A spectator at the 2013 Boston Marathon has testified that she watched her close friend die on the pavement next to her after the first bomb exploded.
Karen Rand McWatters spoke Wednesday at the federal death penalty trial of Boston bomber Dzhokhar Tsarnaev (joh-HAHR' tsahr-NEYE'-ehv). She described the last moments of her friend Krystle Campbell's life.
She says Campbell "very slowly said that her legs hurt," and the two held hands. McWatters says, "Shortly after that, her hand went limp in mine, and she never spoke again."
McWatters choked back tears as she recalled screaming for help. McWatters herself lost her left leg when the first of two bombs went off.
The defense didn't cross-examine the four victims who testified Wednesday.
Testimony has ended for the day. Trial is set to resume at 9 a.m. Thursday.
A woman who lost her left leg after the first bomb went off at the 2013 Boston Marathon says she believed that was going to be the day she died.
Rebekah Gregory testified that she went to the marathon with her 5-year-old son, her boyfriend and his family to see his mother run. She says she remembers being hoisted into the air and thrown back by the strength of the bomb.
Gregory says when she looked down at her leg, "my bones were literally laying next to me on the sidewalk."
She says her first instinct was to look for her son. He was OK.
Gregory says she had 17 surgeries on her leg before deciding to have it amputated. That surgery was performed in November 2014.
A Boston College law professor tells The Associated Press that the defense's opening statement sets the tone for their approach to the marathon bombing trial: They want to spare their client from the death penalty.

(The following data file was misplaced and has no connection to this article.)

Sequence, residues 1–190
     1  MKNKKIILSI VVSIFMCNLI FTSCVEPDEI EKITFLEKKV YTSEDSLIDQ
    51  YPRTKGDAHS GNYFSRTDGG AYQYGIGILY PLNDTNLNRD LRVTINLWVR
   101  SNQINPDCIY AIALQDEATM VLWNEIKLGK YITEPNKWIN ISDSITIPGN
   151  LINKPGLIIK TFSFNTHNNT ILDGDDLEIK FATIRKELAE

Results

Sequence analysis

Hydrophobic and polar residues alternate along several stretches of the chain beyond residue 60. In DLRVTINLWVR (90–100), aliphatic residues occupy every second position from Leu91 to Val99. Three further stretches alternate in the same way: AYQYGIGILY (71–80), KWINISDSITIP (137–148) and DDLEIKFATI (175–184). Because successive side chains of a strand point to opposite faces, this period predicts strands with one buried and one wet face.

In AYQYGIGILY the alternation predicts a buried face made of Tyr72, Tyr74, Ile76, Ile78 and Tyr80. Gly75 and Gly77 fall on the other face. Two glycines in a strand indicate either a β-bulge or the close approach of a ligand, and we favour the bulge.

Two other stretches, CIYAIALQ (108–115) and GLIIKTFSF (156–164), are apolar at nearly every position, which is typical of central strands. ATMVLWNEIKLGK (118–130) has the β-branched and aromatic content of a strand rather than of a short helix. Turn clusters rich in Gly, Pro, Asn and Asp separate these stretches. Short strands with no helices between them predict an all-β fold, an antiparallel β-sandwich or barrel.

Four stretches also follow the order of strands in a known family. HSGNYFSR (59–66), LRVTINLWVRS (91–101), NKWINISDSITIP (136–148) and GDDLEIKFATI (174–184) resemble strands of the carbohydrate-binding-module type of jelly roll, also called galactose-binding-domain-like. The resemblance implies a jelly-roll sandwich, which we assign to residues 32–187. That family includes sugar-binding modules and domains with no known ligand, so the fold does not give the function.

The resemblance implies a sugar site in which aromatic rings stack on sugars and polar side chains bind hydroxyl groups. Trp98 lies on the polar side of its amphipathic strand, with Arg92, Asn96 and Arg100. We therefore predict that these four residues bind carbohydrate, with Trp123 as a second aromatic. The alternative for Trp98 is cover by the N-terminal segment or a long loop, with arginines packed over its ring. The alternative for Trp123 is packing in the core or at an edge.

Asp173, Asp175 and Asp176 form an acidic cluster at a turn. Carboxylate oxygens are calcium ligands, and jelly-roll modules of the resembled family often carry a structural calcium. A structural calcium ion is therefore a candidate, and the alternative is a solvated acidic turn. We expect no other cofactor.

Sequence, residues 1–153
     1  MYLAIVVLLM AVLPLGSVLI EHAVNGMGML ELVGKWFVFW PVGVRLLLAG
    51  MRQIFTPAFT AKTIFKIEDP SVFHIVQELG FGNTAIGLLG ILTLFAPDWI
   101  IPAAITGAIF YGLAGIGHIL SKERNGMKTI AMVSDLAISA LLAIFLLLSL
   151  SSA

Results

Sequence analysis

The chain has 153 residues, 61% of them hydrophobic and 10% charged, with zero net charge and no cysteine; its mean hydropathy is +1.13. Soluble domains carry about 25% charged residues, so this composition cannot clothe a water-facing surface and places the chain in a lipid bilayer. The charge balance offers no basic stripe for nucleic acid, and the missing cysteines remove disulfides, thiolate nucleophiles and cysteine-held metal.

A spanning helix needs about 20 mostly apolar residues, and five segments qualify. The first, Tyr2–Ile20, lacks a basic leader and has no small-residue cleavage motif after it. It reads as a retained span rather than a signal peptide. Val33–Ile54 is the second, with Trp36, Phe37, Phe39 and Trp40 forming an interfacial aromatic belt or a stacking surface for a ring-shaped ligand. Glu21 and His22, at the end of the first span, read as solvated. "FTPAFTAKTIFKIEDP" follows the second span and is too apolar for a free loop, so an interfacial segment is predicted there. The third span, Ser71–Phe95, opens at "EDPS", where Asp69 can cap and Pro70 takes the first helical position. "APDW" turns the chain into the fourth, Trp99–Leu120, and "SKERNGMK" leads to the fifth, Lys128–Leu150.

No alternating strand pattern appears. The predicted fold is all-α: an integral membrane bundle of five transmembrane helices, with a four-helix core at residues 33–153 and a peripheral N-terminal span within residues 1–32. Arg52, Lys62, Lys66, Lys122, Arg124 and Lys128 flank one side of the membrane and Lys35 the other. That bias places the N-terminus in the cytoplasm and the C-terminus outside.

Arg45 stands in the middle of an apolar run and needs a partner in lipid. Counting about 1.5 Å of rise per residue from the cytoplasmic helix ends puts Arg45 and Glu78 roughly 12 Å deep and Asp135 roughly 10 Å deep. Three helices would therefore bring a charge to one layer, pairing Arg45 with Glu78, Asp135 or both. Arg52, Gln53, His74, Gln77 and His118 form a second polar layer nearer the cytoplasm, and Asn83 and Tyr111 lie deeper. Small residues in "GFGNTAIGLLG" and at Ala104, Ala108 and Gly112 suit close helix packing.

Robert Bloom is a former prosecutor who isn't involved in the bombing case. He tells the AP on Wednesday that defense attorney Judy Clarke is trying to keep jurors sympathetic to Tsarnaev and maintain a good relationship with them.
Bloom says the defense will likely use every opportunity to show Tsarnaev was influenced by his older brother, Tamerlan.
He says prosecutors will methodically lay out the horror of the attacks in court and will want to make the crime "so unsympathetic that the jury will want the death penalty."
The manager of a store near where the first bomb exploded on the day of the 2013 Boston Marathon has choked back tears while recalling the smell of burned hair and the sight of blood.
Sean O'Hara is the manager of Marathon Sports. His voice trembled as he described the moments after an explosion shattered a window and people came streaming inside, many of them wounded.
He says: "I heard a voice of someone saying, 'Stay with me. Stay with me.'"
Prosecutors showed a video taken from the store's surveillance cameras showing O'Hara and other employees ripping handfuls of clothing off the racks, then racing outside to help victims. In one part of the video, O'Hara is seen wrapping a tourniquet around a woman's leg as blood runs down.
Jurors in the Boston Marathon bombing trial have been shown a video of the first explosion.
The video shows a huge blast of smoke, then police officers running toward the blast. Runners looked over their shoulders and spectators turned their heads toward the sound of the bombing.
The jury watched the video intently, many looking somber.
Twenty-nine-year-old Krystle Campbell was killed by the first bomb. She was among the three killed and 260 injured after twin bombs exploded near the marathon finish line.
The first witness to testify is the executive director of the organization that puts on the marathon.
Thomas Grilk is the head of the Boston Athletic Association.
Grilk on Wednesday described the history of the marathon, beginning with the first race in 1897, when just 15 people ran. In recent years, tens of thousands of people have run the marathon.
Grilk said as many as a half million spectators turn out for the marathon each year, with people lining the streets in cities and towns along the 26.2-mile course and huge crowds gathering near the finish line in Boston.
Tsarnaev is accused of planting bombs near the marathon finish line in 2013, killing three people and injuring more than 260.